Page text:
The 35 degree temperatures made for a pleasant exploration of the walled city, the Canal du Midi (a 241 km section of navigable waterway between the Atlantic Ocean and Mediterranean sea) and the numerous lock systems, some of which date back to their origins in the 17th century. The effects on sleep and perishable goods however were not so favourable and by day 6 we were looking forward to heading back to the mountains and cooler weather.
Passing dangerously close to the sickening tourist-bus trap of Lourdes, we headed into the Pyrenees. It was only here it became clear just how big a part of French culture camping was. Every campground seemed to advertise ‘no-vacancies’ while showcasing the epitome of French holiday-maker. Smoke wafted from kettle-shaped grills between the rows of 80’s style caravans. Families gathered around the stone covered bocce courts and laughter filled the air. It was the busiest twenty days of the year and our search for somewhere to pitch our tent was almost in vain. So much for our plan to slow down for three days, but then ‘plans’ were overrated . . . or so I’d been told.
Like a cruel taunt from the universe, the intimate campsite we’d pre-planned, complete with hot water, toilet seats and free Wi-Fi throughout was available only for one night. So with heavy hearts the following morning was spent searching for an alternative. The €10 per night tariff at tent-land up the road, offered the slightest consolation even if it did mean dumping our tent among the masses. But the showers were hot, and the mountains rose up around us like a picture postcard. Things weren’t so bad.
Day 8 and the pace didn’t slow. The mountains beckoned and the bikes were dragged out for a long-overdue ride. And with an overflowing bag of laundry, two-day wait for a machine and an upturned 3000 piece jigsaw puzzle in the back of the tight-arse mobile, the evening offered nothing by way of relaxation.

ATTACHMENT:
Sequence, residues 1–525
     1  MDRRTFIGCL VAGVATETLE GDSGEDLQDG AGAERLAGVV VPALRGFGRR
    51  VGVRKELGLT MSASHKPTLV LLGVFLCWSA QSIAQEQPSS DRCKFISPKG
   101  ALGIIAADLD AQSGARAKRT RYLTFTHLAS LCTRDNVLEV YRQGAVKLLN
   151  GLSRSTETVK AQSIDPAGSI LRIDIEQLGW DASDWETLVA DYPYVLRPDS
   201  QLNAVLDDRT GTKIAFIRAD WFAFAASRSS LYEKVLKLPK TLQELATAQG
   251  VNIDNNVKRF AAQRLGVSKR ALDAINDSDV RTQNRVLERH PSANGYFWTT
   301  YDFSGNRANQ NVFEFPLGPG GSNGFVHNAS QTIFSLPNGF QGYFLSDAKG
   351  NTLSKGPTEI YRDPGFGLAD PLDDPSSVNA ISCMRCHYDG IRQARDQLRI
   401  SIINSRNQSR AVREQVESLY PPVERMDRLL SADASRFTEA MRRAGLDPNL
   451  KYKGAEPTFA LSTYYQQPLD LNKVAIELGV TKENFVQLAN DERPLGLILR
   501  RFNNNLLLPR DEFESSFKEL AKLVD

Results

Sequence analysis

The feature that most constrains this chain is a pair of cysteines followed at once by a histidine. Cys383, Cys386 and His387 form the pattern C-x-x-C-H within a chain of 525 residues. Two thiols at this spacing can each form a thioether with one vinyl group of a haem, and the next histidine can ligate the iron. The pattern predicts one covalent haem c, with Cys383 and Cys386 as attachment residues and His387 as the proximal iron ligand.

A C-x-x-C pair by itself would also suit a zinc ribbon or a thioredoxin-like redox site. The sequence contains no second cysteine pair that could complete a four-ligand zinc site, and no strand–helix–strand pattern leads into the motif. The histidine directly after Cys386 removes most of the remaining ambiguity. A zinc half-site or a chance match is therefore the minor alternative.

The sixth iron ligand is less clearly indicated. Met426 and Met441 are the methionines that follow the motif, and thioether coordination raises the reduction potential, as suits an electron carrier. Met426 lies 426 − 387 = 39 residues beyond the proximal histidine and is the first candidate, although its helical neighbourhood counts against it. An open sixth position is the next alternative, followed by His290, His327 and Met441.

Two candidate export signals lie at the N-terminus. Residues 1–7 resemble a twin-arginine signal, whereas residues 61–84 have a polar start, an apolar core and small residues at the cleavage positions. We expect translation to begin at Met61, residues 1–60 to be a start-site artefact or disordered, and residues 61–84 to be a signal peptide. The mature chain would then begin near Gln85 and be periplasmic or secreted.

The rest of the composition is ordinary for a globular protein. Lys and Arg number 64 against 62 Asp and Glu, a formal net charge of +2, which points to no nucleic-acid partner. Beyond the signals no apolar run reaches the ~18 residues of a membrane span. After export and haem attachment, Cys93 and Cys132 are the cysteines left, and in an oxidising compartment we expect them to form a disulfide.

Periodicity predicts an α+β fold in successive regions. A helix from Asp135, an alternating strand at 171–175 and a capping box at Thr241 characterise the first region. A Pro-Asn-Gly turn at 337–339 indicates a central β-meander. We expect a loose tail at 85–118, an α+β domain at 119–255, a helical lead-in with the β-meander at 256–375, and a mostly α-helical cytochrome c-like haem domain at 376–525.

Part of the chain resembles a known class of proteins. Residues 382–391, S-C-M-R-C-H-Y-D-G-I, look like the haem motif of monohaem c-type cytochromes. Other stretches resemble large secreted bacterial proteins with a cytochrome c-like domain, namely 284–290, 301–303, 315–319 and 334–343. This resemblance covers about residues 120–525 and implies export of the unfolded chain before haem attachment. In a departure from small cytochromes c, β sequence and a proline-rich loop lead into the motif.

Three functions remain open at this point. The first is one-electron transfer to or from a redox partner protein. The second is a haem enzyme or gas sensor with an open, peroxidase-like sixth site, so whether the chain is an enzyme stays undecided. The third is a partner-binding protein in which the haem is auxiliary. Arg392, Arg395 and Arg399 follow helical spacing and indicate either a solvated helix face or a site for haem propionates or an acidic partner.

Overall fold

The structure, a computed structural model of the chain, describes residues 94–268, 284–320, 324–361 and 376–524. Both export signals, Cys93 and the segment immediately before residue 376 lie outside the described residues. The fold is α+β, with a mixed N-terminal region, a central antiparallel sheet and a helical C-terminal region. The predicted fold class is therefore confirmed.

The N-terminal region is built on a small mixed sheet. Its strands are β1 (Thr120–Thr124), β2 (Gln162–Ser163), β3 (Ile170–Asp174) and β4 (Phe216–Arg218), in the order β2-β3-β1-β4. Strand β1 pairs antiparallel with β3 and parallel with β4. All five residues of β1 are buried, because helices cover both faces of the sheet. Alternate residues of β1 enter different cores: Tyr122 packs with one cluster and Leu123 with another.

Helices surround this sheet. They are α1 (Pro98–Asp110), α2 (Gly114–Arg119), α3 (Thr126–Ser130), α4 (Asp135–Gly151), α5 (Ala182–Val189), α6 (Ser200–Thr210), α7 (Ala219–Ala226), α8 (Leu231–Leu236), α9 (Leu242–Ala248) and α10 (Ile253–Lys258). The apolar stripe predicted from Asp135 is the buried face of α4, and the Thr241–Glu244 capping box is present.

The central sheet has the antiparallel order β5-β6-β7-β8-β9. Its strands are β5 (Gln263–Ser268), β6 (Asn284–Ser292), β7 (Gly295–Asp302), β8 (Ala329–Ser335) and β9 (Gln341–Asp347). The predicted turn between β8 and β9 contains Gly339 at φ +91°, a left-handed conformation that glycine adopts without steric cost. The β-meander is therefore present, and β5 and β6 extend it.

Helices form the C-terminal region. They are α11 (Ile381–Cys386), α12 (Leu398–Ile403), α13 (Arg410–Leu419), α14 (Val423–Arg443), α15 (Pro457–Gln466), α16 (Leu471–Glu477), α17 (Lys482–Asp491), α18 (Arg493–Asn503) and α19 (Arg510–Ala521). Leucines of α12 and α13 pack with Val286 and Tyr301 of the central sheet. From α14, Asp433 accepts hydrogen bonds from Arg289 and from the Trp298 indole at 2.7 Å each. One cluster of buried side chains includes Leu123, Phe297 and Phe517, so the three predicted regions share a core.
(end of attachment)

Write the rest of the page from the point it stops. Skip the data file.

I unfolded from the foetal position on day 9, stretching my feet into the waterlogged ‘foyer’ of our (barely) two-man tent and lathering myself in the condensation I’d been successfully avoiding. Toilets without seats. Sinks without plugs. Cold water. Slow Wi-Fi. I was over it. It was time to book a hotel. Fuck camping.
I tapped my finger restlessly on the desk in the common room, Olympic commentary crackling away in French. It was all I could do to restrain myself from strangling the kid buzzing in my ear like a bee, the world’s slowest Wi-Fi still searching for booking.com. The universe chuckled. No hotel for you. I slammed the laptop shut. For the first time in four months I just wanted to go home. Instead, we loaded the van and, with no idea where we were headed, we drove.
Balanced on the imaginary line between France and Spain my focus shifted. We were chowing down on ham and cheese baguettes, staring out at the Col du Portalet . . . not cancelling plans because of some work crisis like we had for the last fifteen years. Bring the wet tent and cold showers. We just needed a couple of days in one place to regroup. So on the recommendation of a friendly Frenchie, we headed for the Ordesa National Park.